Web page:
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Growing Deadly Families

7 Apr 2023

Last year, Queensland Aboriginal midwives Sonita Giudice and Melina Connors travelled 44,500 kilometres in cars, planes, and ferries – equivalent to circumnavigating the globe – as part of the ongoing implementation of The Growing Deadly Families (GDF) Strategy.

The exten­sive road trip by Soni­ta, a Gung­gari and Wak­ka Wak­ka woman, and Meli­na, a Gurind­ji woman, took place over almost a year as they vis­it­ed Queensland’s 15 mater­ni­ty Hos­pi­tal and Health Ser­vices (HHS). Dur­ing this time, the pair, which has over 10 years’ expe­ri­ence as mid­wives each, scoped each HHS’s mod­el of care to under­stand if there were part­ner­ships and co-design between the HHSs, the local Abo­rig­i­nal and Tor­res Strait Islander Com­mu­ni­ty Con­trolled Health Ser­vices and community.

Soni­ta and Meli­na at the 39th CRANAplus Conference

Left to right: Meli­na, Dal­las McK­e­own, Kather­ine Isbis­ter and Sonita.

The Strat­e­gy

The Grow­ing Dead­ly Fam­i­lies Abo­rig­i­nal and Tor­res Strait Islander Mater­ni­ty Ser­vices Strat­e­gy 2019 – 2025 sets out the vision that all Abo­rig­i­nal and Tor­res Strait Islander babies in Queens­land are born healthy, into strong resilient families.

This requires every woman in Queens­land giv­ing birth to an Abo­rig­i­nal and/​or Tor­res Strait Islander baby to have access to high qual­i­ty, clin­i­cal and cul­tur­al­ly capa­ble mater­ni­ty ser­vices. As the Strat­e­gy states, 42 per cent of Queens­land women miss out on ear­ly and fre­quent ante­na­tal care.

There’s a clear oppor­tu­ni­ty to improve access, and when engage­ment in care improves, par­tic­u­lar­ly mid­wifery con­ti­nu­ity of care, pos­i­tive out­comes will be achieved for women and fam­i­lies across the first 2,000 days of life.

The GDF Mid­wifery team under­took an analy­sis to check the HHS’s resources and capa­bil­i­ties with­in the clin­i­cal ser­vices capa­bil­i­ty frame­work, to deter­mine what mea­sures HHSs could take local­ly to sup­port local birth.

Par­tic­i­pants dis­cussed the many issues and bar­ri­ers of mater­ni­ty ser­vices that exist for Abo­rig­i­nal and Tor­res Strait Islander fam­i­lies. The fol­low­ing key areas for improve­ment emerged: cul­tur­al­ly appro­pri­ate and equi­table access to care, care close to home, con­ti­nu­ity and rela­tion­ship-based care to reduce retelling and repeat­ing health sto­ry, care to be pro­vid­ed by an Abo­rig­i­nal and Tor­res Strait Islander work­force, and the abil­i­ty to keep fam­i­lies together.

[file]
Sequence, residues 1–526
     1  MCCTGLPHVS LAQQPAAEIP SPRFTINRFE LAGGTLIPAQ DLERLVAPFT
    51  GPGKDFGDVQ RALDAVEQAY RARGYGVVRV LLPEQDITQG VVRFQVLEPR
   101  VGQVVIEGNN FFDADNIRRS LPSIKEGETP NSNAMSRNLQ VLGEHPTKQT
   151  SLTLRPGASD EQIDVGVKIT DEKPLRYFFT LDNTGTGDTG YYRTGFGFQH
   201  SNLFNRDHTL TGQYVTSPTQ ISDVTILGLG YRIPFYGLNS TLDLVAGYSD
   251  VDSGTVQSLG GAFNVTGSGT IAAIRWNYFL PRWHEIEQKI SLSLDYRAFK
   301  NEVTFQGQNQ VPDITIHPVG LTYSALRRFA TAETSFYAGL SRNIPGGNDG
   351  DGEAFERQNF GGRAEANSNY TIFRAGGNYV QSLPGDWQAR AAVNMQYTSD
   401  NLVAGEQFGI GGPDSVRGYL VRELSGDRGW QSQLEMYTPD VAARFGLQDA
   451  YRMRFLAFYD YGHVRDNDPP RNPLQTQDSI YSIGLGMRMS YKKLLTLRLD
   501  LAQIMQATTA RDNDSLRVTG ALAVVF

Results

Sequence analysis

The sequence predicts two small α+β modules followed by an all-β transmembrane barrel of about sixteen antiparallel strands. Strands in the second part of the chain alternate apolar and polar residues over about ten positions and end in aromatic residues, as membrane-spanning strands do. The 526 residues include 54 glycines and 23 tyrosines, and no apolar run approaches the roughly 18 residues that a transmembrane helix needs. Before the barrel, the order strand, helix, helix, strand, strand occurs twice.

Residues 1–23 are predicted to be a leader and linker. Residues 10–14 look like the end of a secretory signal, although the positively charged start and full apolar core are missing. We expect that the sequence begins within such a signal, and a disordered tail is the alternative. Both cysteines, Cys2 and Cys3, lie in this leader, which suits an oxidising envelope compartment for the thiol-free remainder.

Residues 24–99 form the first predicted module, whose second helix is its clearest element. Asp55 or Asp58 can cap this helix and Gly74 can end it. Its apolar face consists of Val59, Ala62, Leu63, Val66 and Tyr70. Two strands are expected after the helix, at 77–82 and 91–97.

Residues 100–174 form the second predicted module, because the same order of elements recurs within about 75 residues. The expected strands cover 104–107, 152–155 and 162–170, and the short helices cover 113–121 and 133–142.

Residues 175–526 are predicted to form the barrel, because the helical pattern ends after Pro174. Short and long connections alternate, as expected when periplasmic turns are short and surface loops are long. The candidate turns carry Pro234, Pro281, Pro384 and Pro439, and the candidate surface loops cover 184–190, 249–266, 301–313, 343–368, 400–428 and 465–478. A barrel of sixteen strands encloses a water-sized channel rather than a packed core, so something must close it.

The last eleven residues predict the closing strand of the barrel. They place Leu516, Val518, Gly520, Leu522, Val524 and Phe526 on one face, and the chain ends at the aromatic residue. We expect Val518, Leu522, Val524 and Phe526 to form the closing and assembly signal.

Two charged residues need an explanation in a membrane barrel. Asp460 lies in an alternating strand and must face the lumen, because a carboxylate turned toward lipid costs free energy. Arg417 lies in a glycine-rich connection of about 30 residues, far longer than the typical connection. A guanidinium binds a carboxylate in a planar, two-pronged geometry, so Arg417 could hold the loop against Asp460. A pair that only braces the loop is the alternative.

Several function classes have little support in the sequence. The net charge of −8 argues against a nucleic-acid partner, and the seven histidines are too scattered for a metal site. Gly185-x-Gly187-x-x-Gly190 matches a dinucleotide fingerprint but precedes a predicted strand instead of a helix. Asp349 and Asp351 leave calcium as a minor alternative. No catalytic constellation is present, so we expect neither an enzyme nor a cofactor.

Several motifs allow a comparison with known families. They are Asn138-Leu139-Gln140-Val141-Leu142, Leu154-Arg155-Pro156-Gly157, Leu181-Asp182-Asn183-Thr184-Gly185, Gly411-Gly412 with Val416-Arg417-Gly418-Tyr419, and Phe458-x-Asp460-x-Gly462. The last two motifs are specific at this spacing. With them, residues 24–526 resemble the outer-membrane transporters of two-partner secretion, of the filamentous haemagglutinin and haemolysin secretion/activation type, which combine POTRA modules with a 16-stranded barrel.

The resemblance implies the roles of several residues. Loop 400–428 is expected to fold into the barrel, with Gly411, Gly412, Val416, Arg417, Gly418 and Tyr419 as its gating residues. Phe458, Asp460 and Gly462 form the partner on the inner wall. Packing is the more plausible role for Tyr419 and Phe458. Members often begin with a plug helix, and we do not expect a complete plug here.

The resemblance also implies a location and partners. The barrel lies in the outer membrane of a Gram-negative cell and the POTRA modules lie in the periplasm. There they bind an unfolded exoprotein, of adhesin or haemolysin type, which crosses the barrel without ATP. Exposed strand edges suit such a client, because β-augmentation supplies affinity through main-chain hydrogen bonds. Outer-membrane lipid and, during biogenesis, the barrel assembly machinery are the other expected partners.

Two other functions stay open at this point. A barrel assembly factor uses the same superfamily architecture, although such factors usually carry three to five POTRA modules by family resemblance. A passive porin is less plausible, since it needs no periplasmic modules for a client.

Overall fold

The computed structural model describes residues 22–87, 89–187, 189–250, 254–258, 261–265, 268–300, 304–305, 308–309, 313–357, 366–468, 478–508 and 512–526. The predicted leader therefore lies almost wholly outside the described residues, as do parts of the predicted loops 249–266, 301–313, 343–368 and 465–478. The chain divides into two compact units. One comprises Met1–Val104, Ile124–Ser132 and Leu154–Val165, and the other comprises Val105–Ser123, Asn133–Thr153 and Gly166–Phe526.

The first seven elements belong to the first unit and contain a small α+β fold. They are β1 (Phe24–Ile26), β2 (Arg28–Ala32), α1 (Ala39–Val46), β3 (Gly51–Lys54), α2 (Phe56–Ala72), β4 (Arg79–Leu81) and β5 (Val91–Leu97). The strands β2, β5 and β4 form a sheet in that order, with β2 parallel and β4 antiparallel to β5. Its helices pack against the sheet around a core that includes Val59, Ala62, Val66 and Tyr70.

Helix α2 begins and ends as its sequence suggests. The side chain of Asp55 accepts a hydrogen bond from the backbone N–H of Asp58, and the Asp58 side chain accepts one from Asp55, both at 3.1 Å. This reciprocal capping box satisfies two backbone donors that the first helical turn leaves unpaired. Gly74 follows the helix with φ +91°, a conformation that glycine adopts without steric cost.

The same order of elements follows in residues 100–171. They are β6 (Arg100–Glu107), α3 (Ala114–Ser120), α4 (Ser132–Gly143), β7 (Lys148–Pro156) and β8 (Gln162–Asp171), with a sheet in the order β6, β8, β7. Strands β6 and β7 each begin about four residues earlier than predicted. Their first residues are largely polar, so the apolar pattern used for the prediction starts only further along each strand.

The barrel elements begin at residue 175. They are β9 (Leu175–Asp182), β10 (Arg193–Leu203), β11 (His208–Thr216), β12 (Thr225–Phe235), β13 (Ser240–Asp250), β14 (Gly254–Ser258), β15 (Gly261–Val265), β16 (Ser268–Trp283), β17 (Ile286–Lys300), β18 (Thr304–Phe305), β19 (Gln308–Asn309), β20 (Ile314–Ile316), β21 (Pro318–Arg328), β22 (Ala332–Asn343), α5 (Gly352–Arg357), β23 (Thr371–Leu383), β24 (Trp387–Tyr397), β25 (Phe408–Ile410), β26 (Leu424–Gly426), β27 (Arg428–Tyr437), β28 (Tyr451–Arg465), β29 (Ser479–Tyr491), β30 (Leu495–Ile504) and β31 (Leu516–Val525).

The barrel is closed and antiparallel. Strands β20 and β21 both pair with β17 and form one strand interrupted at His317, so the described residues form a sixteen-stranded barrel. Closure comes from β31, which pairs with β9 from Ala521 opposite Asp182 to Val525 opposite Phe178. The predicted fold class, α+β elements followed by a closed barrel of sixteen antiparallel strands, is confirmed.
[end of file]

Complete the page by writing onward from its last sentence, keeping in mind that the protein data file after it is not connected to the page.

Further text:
First-hand expe­ri­ence

Dur­ing the road trip, which at one time includ­ed eight flights in five days, Soni­ta and Meli­na were able to expe­ri­ence a small part of what it is like for women in remote loca­tions who have to leave their home at 36 to 38 weeks of preg­nan­cy and trav­el to anoth­er HHS to give birth.

We expe­ri­enced a lit­tle of what the women have to go through – with the trav­el, for exam­ple,” says Melina.

On top of hav­ing to be away from fam­i­ly and com­mu­ni­ty, women are often in a total­ly new envi­ron­ment, fac­ing new expe­ri­ences, trav­el­ling alone, and hav­ing to plan for the care of their oth­er chil­dren back home.

Being away from home, fam­i­ly and com­mu­ni­ty not only has emo­tion­al impact, but there are finan­cial impacts.”

The expe­ri­ence was invalu­able for the mid­wives to be able to ful­ly under­stand the impact of leav­ing Coun­try at such a cru­cial time in women’s lives.

In addi­tion, they learnt that urban health ser­vices also face chal­lenges in achiev­ing and deliv­er­ing a cul­tur­al­ly safe and appro­pri­ate ser­vice for First Nations families.

Left to right: Edi Powe, Soni­ta Giu­dice, Dr Joce­lyn Toohill, Meli­na Con­nors, Ali­son Weath­er­stone, Lavinia Coyle, Van­da Simp­son and Natasha Crock­er on Thurs­day Island

Cul­ture, con­sul­ta­tion, and continuity

On their road trip, Soni­ta and Meli­na repeat­ed­ly heard that the three out­comes of the strat­e­gy were ful­ly supported:

  • The need for mater­ni­ty ser­vices to have the full input of the com­mu­ni­ties involved.
  • The need for con­ti­nu­ity of care from pre-preg­nan­cy through to birth and beyond.